Tuesday, December 14, 2010

Skepticism and the Sincere Anomalist

The typical group 'investigating' a claim of the paranormal (or anything that could be considered 'high strangeness') is well-known to everyone: half the group is the Mulder camp, and half is the Scully camp. In real life, these two types don't get along as well as they do on television, but they exhibit the same characteristics: the Mulder group insists, regardless of evidence to the contrary, that the phenomenon in question is something strange (if not completely supernatural), while the Scully group insists, regardless of evidence to the contrary, that there is a 'rational' explanation (where 'rational' here goes by some definition known only to pseudoskeptics and kept far away from any apparent consistency). But, again unlike television, these two types (both together and on their own) are almost completely incapable of understanding anything legitimately outside of their existing scope of knowledge: they are both varieties of true believers.

In the fortean community, the Scully type is typically called the 'pseudoskeptic'. This is a reactionary type, living to 'debunk' anything that runs counter to his or her existing model of reality. The 'debunking', upon close inspection, loses its thin pretense of rationality and is exposed as a simple mammalian response to threat. In the case of the pseudoskeptic, the threat is typically conflict with whatever they learned in high school science class, and it highly resembles the response of a religious fanatic when dogma is directly conflicted.

In the skeptic community, the Mulder type is typically called a 'woo'. This type is also a reactionary type, living to 'prove' the existence of something that runs counter to the consensus model of reality. This 'proof', upon close inspection, loses its thin pretense of truth-seeking and is exposed as an application of wishful thinking on a large scale: the 'woo' wants to believe, and will ignore any evidence to the contrary.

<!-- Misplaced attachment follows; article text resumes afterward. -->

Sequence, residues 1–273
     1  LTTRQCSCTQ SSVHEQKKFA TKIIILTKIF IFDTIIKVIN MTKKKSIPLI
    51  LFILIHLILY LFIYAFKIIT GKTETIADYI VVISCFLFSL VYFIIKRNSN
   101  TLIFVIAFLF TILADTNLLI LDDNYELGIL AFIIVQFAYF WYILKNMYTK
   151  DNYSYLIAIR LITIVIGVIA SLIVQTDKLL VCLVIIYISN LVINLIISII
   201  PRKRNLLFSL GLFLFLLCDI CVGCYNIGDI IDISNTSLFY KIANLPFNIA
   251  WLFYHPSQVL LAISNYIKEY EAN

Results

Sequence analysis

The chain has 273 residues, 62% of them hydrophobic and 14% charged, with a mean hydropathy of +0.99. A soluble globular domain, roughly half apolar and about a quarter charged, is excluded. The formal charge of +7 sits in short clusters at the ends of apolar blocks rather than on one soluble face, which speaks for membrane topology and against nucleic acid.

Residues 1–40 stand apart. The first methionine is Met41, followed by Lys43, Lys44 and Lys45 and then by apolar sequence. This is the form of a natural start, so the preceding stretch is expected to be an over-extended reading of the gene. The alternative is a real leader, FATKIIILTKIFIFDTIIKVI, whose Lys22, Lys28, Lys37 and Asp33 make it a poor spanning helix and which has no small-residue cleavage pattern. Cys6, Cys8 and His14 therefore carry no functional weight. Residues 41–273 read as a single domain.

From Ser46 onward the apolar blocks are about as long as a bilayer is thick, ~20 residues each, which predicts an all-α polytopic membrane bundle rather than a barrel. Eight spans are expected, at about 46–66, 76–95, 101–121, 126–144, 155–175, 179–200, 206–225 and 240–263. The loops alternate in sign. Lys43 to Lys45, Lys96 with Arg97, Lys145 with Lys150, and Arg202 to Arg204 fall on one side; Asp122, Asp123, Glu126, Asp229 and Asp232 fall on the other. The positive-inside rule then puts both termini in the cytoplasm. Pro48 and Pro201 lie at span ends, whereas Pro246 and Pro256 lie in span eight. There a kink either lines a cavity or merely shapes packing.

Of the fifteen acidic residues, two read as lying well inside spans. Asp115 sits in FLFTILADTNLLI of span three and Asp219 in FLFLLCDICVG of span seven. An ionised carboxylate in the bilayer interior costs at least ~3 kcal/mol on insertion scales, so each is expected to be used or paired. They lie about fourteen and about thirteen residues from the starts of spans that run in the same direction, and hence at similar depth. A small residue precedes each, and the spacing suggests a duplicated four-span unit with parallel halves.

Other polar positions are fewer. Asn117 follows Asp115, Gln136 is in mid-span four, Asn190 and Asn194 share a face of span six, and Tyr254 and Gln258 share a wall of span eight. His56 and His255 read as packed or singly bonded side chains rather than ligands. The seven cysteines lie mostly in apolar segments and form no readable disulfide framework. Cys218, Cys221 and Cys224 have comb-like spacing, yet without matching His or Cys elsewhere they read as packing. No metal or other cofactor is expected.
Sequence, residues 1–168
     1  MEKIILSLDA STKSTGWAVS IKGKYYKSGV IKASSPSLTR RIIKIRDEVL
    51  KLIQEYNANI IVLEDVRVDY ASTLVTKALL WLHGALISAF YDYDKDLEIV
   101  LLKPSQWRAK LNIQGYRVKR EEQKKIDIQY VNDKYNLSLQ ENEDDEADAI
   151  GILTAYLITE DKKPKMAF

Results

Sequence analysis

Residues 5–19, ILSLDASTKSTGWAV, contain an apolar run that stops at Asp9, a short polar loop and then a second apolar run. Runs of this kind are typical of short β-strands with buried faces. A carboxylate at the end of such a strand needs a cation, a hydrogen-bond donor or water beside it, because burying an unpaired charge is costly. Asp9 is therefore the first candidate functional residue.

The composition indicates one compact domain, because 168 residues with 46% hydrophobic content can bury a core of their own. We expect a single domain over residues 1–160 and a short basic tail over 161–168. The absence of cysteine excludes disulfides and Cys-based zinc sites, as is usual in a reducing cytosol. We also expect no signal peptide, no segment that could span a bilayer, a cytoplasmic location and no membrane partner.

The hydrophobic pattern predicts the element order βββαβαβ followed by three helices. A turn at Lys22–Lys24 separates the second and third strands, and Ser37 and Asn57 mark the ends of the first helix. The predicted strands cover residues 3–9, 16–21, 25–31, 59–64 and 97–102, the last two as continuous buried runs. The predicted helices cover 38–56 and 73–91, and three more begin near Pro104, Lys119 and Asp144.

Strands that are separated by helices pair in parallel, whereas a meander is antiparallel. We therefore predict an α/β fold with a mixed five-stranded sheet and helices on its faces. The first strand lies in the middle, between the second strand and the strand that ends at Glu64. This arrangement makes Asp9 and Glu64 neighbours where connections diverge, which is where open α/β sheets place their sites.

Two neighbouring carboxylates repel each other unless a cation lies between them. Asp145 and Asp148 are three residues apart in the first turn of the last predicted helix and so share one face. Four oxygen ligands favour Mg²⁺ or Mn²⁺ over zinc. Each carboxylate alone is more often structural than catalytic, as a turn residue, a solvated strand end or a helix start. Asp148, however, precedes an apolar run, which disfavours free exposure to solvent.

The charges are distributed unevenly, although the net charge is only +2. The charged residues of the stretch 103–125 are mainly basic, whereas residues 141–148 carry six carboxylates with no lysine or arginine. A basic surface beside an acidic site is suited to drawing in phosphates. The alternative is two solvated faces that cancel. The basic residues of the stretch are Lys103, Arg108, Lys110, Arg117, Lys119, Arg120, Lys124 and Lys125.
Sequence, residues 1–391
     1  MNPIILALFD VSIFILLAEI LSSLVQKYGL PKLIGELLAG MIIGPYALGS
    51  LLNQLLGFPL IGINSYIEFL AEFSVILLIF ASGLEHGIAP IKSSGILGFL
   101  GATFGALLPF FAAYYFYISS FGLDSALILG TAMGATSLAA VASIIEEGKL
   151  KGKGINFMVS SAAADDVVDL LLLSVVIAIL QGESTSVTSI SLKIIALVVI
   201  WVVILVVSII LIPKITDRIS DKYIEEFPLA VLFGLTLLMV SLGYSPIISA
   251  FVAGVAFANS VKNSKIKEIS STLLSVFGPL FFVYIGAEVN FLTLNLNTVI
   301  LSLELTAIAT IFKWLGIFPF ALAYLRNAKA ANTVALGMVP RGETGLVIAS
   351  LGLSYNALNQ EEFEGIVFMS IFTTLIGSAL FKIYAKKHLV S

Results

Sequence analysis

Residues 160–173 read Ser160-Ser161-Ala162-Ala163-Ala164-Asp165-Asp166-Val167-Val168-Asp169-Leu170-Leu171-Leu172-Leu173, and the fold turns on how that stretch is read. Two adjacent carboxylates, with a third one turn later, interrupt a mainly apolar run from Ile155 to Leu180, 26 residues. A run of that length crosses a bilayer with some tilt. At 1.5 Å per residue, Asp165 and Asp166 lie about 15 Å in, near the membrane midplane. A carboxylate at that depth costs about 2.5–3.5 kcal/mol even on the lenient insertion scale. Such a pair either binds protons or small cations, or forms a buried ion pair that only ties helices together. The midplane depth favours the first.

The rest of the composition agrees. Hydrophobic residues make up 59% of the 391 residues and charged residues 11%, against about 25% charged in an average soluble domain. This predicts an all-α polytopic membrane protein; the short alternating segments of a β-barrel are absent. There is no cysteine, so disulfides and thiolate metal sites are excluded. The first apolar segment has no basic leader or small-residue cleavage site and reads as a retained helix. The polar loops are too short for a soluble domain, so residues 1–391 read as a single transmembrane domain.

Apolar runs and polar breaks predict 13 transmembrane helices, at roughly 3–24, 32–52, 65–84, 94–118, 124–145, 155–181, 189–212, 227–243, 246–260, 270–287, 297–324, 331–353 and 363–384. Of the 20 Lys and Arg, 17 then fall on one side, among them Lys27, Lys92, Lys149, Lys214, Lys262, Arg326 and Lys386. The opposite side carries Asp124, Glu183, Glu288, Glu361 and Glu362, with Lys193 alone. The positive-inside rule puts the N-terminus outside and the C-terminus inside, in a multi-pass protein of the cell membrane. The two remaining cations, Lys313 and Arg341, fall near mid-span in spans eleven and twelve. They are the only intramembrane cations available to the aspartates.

These two types are actually not terribly dissimilar. They are both true believers, living to validate their own personal views of the universe. The main difference is that the pseudoskeptic has a model of the universe very close to that of the consensus, while the woo has a model of the universe that is very different. It doesn't matter whether or not the models are correct or have predictive value; truth ceases to matter once belief takes the stage. Despite the cries of the pseudoskeptic, neither of these types are skeptical, either. The skeptic actively questions both assumptions and claims, while the pseudoskeptic merely 'debunks' them.

Fortean anomalism is on the fringe of known science, and can be expected to stay there indefinitely; anomalists seek the fringe of the known, and inhabit the borderland between the mundane and the batshit darkness just beyond it. This doesn't make skepticism less important: it makes skepticism more important, and makes belief even more dangerous. There is a tendency for the mind to see what it expects; the mental model affects perception as much as perception affects the mental model. Since the anomalist deals with the unknown, the tendency to see the expected (be it a weather balloon or a piladean missile defense system) has the ability to completely incapacitate the anomalist's ability to see what's really there. Carl Sagan once said that "extraordinary claims require extraordinary evidence", but that is no more an excuse for pseudoskepticism than it is for woo: the anomalist seeks what evidence exists, and if the anomalist is handicapped by a need to see something either more or less extraordinary than that which is there, who will find such evidence?

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